GasTerra, which buys and trades gas on behalf of the Dutch government, has announced the end of trading with Gazprom because it refuses to pay for gas in rubles.
GasTerra’s contract with Gazprom is valid until September 30. Gazprom was due to deliver 2 billion cubic meters of gas to the Netherlands by then. GasTerra added that it does not expect a supply cut as it has already contracted gas elsewhere.
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Dutch Energy Minister Rob Jetten assured on Twitter that the decision would have no impact on physical gas supplies to Dutch households.
GasTerra said in a statement that it had decided not to accept the payment system demanded by Russia. It believes that doing so could violate European Union sanctions. It said the payment method posed many financial and operational risks.
Denmark’s Orsted is in the same position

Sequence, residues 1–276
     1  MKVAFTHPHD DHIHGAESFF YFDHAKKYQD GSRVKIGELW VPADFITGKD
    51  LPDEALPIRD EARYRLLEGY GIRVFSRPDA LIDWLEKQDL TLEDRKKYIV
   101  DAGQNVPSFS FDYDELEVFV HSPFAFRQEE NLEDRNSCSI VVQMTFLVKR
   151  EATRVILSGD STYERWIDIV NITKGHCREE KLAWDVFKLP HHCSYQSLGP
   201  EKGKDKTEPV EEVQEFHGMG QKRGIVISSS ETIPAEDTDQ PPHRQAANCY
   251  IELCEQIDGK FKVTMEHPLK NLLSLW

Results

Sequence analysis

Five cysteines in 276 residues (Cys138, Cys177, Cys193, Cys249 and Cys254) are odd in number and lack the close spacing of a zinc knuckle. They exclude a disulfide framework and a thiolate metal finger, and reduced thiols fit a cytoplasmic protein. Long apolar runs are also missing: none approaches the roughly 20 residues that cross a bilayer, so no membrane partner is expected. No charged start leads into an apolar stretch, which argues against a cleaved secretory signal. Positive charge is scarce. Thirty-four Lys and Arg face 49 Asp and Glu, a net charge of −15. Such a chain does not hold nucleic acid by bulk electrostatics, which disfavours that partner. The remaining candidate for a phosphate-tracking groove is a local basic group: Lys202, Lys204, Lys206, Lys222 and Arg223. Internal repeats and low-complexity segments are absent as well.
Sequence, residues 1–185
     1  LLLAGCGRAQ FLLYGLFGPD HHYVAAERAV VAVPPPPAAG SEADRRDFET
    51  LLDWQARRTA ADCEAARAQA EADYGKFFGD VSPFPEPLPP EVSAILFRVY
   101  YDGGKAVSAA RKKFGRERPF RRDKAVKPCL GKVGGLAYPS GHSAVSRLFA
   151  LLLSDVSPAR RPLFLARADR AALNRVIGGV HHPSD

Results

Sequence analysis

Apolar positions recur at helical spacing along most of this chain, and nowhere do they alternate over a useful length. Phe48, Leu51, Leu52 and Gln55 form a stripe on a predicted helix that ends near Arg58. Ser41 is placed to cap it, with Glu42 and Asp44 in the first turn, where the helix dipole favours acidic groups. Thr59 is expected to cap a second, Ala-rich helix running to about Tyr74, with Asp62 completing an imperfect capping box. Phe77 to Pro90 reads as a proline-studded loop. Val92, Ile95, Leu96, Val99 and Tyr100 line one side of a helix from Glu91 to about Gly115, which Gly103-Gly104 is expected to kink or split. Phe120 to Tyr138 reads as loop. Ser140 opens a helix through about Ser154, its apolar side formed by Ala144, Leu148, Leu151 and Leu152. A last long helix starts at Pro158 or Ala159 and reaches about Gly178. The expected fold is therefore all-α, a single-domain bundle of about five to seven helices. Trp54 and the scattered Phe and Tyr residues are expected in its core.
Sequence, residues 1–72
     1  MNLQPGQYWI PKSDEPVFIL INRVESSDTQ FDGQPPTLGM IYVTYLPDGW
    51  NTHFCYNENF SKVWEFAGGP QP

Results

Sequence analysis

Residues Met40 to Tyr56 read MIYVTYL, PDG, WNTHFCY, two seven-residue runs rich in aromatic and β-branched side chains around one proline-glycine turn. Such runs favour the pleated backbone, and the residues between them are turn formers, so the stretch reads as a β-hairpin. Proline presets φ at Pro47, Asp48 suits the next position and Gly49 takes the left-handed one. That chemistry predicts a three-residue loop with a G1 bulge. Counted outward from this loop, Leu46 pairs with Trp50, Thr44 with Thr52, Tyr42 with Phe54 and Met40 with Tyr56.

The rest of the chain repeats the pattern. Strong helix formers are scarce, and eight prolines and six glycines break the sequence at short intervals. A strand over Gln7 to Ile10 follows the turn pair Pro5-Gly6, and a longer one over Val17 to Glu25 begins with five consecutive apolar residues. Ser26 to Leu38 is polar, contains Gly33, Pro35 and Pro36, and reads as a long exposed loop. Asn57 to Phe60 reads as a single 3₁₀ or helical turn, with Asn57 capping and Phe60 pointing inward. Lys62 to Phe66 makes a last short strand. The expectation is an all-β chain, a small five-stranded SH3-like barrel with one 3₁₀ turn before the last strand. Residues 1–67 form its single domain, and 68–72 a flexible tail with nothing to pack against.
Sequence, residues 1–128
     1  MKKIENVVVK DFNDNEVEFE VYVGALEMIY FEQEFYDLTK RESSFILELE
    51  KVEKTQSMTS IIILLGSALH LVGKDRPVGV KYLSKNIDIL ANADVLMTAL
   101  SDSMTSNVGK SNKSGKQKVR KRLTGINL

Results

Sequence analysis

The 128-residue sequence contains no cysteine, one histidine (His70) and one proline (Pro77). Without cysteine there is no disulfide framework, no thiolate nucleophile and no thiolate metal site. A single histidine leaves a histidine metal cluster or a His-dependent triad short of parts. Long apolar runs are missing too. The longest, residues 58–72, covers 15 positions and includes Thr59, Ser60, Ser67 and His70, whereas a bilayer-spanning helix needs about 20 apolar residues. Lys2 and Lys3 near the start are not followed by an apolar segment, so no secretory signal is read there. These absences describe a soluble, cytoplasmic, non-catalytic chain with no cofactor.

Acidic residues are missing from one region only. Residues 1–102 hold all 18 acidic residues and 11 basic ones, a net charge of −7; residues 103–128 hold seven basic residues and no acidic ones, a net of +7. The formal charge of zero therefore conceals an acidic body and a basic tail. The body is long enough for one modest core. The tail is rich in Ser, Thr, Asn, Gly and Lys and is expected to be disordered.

Denmark’s largest energy company, Orsted, has also warned that Gazprom is likely to cut off its supplies because it has refused to pay in rubles. However, the stoppage of gas from Russia should not pose an immediate threat to Denmark’s gas supply and the Danish Energy Agency has a plan in place in case of a gas shortage. Orsted expects to be able to buy gas on the European market.
There is no pipeline directly from Russia to Denmark, which means that Moscow will not be able to stop supplies to the country directly. Orsted has previously said that its contract with Gazprom covers the vast majority of Denmark’s gas consumption and accounts for about 1.5% of total Russian gas supplies to Europe, which amounted to about 155 billion cubic meters last year.
Orsted already sold its oil and gas assets in 2017 to focus on offshore wind power. But it retained a long-term gas supply contract with Gazprom that runs until 2030.
Europe is not united on the issue
Russia has previously cut off gas supplies to Poland and Bulgaria. Subsequently, following the announcement of a possible entry into NATO and a swing from neutrality to the European side, gas supplies were also cut to Finland. In contrast, companies from Germany, Italy and France have said they will accept Russian demands and engage in a Ruble payment system to maintain their gas supplies.